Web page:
See Also: Funko announces Monty Python and the Holy Grail Pop! Vinyl figures for November
The mistake was swiftly noticed on Twitter, with journalist Sean Fitzgerald asking whether someone pressed “the publish button on the wrong post”.
Variety swiftly issued a correction via their own Twitter account, apologising for the error.
Correction: Variety incorrectly published an article stating that director Terry Gilliam passed away. We’re deeply sorry for the mistake.
— Variety (@Variety) September 8, 2015
The Brazil director himself responded to the news on Facebook in typically tongue-in-cheek fashion as he said sorry for being dead to those who had already bought tickets for his upcoming talks.
It’s safe to say that Gilliam has neither expired, ceased to be, gone to meet his maker or shuffled off his mortal coil. »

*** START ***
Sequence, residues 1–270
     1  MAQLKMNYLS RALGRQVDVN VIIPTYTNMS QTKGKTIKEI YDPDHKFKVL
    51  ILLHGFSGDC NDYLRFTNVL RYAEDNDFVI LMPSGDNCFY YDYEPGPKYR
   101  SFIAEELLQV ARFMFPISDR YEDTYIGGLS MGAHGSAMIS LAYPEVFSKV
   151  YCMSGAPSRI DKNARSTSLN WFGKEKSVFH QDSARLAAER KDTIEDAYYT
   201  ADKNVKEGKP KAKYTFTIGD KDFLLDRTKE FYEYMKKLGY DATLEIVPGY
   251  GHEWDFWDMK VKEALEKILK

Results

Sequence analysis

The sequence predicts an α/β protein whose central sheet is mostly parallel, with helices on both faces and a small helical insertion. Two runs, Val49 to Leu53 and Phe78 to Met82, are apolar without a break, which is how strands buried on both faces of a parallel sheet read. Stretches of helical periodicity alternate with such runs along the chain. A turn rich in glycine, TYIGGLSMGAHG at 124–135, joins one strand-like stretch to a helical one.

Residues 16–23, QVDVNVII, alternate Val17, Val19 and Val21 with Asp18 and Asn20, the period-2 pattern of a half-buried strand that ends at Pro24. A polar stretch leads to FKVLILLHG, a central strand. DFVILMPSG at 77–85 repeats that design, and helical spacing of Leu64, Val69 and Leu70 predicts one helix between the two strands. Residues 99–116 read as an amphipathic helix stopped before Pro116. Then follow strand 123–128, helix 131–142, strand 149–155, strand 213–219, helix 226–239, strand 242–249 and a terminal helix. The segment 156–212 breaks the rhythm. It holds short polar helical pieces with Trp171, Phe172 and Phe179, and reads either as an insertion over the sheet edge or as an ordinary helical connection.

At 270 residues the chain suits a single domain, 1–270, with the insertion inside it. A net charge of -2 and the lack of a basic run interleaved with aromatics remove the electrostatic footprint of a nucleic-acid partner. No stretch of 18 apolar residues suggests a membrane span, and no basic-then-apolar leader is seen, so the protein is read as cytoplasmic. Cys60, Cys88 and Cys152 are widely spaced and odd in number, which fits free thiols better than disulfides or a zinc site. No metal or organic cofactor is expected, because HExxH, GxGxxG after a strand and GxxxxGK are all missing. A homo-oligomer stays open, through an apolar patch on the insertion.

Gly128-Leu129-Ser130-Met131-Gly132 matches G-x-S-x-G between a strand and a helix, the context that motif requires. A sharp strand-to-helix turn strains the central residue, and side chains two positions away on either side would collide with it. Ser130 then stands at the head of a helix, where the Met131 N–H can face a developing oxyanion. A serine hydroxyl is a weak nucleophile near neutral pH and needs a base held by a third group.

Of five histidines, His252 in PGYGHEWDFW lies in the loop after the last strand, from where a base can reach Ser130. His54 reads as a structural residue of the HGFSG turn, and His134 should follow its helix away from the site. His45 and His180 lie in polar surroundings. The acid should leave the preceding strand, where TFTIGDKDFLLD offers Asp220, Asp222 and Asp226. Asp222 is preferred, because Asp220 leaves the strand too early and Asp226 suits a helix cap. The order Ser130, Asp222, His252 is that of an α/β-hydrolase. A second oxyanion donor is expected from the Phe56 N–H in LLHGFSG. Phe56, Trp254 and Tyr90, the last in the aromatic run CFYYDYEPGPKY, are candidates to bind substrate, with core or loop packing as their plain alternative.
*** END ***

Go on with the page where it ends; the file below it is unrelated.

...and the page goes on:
- Tom Beasley
Monty Python and the Holy Grail, the Python team’s Arthurian parody, was first released in 1975, and proved an instant classic of British cinema comedy. The Holy Hand Grenade of Antioch, the Knights who Say Ni and the Trojan Bunny quickly became firm favourites, and the film established Monty Python as a force to be reckoned with in cinema as well as TV. For its 40th anniversary, a new ‘singalong’ version will be screened in 500 cinemas across the UK and Ireland on 14 October, with a specially filmed introduction from the surviving Pythons themselves
Continue reading »
- Guardian film
Monty Python and the Holy Grail has been making us laugh, and prompting us to quote its absurd dialogue, for forty years. The 1975 release will enjoy a new anniversary blu-ray edition in October. One bit of packaging for the disc is meant to evoke one of the most ridiculous concepts in the movie — and […]
The post Watch Monty Python Use a Tiny Catapult to Sell New ‘Monty Python and the Holy Grail’ Blu-Ray appeared first on /Film. »
- Russ Fischer
It was just a flesh wound!
Variety's report of Terry Gilliam's death was greatly exaggerated, but the 74-year-old Monty Python Og and iconic director is still sorry to have passed away, especially when he has some gigs lined up. It wasn't very considerate of him to die, and he insisted fans shouldn't believe Variety's subsequent retraction.